In the Shadow of the Banyan
Simon & Schuster, 2012 (2012)
Reviewed by Barbara Lingens
mericans have had few first-hand stories of what it was like in Cambodia between 1975 and 1979 during the Khmer Rouge regime. This novel is an achingly beautiful tale of that very revolutionary time.
old from the perspective of a young girl whose father is a prince-poet, the story shelters us from much of the atrocity, but still, since Raami and her extended family are forced to leave Phnom Penh for hard labor in the countryside, we quickly learn about the evil that Raami's father is trying to get her to see beyond. '
I told you stories to give you wings, Raami, so that you would never be trapped by anything – your name, your title, the limits of your body, this world's suffering.
hat begins for many as an idealized regime change quickly becomes a situation in which uneducated leaders learn to inflict their frustration on others in their power. In these extremely harsh circumstances, dying of starvation or supposed insubordination becomes commonplace, and Raami sees her loving family cut down one by one until she finally realizes that death must be her only future.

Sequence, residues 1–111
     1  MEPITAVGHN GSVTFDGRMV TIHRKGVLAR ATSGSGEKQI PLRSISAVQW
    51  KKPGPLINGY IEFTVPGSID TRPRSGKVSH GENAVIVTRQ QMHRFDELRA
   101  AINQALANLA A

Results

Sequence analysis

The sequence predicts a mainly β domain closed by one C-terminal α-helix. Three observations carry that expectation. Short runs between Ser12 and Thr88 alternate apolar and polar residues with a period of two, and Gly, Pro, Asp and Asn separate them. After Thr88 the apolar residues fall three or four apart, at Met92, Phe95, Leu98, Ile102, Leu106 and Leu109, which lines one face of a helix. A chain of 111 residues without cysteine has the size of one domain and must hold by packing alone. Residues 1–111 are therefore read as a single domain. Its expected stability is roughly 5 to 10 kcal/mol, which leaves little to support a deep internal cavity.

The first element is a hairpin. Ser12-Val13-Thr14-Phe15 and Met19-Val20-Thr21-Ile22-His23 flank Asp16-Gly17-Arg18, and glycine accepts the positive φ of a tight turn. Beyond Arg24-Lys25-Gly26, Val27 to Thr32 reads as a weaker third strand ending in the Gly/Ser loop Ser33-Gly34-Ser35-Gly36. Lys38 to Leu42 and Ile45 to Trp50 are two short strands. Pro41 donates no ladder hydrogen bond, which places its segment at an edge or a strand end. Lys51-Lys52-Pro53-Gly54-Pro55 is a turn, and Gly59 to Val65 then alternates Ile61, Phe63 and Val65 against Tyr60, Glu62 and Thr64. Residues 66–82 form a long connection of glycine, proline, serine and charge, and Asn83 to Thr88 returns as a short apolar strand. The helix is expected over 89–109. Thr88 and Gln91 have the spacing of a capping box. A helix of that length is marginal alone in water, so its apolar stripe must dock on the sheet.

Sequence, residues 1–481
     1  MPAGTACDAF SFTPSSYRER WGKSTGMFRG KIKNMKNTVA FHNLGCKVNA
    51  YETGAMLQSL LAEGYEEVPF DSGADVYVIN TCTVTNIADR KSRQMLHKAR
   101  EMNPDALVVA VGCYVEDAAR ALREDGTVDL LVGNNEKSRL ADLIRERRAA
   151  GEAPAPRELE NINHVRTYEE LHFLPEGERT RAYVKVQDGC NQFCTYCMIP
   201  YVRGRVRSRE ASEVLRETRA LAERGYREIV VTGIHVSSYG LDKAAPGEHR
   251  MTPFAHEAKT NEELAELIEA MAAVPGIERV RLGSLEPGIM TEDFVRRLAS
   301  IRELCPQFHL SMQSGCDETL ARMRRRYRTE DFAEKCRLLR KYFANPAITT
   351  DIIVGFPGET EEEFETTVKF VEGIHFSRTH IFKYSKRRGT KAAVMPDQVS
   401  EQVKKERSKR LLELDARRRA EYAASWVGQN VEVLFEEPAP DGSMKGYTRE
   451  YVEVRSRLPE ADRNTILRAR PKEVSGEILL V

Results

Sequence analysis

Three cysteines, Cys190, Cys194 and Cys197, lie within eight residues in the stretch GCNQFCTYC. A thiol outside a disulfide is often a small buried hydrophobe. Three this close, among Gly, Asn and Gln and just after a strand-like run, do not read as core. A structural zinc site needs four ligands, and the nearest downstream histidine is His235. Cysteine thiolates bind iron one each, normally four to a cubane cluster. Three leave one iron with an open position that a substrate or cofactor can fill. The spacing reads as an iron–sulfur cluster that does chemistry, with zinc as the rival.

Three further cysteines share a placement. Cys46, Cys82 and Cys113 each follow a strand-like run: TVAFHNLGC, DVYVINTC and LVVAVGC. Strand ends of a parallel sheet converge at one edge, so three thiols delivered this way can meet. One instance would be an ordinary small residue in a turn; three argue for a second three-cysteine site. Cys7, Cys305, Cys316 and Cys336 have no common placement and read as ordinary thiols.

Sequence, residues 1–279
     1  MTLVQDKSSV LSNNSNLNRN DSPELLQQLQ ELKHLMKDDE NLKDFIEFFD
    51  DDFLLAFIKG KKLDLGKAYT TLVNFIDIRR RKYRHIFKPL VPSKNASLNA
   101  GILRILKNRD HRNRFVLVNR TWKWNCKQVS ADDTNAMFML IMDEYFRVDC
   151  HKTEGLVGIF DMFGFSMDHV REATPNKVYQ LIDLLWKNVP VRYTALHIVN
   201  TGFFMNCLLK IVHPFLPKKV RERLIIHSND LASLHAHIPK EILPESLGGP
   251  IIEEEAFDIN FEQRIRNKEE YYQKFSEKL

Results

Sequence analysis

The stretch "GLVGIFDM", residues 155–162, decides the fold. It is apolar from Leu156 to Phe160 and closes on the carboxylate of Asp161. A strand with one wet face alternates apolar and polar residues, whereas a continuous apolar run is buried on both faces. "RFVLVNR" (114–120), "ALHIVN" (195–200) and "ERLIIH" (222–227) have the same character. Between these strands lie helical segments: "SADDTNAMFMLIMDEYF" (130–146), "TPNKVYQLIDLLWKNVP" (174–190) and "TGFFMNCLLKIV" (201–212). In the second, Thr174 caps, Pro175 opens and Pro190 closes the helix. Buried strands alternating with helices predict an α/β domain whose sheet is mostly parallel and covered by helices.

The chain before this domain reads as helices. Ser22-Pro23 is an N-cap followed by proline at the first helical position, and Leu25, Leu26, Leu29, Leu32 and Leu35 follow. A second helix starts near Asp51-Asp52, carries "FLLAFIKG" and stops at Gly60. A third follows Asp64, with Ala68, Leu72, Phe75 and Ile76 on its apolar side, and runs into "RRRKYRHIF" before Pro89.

ith passages of heartrending beauty, author Ratner shows us how Raami, through her knowledge of Cambodian lore and growing understanding of her father's stories, is able to make child-like sense of how she can survive the terrible world she is thrown into. Ratner's success is all the more admirable since the novel is autobiographical. Both Raami's and Ratner's father have left an unforgettable legacy.
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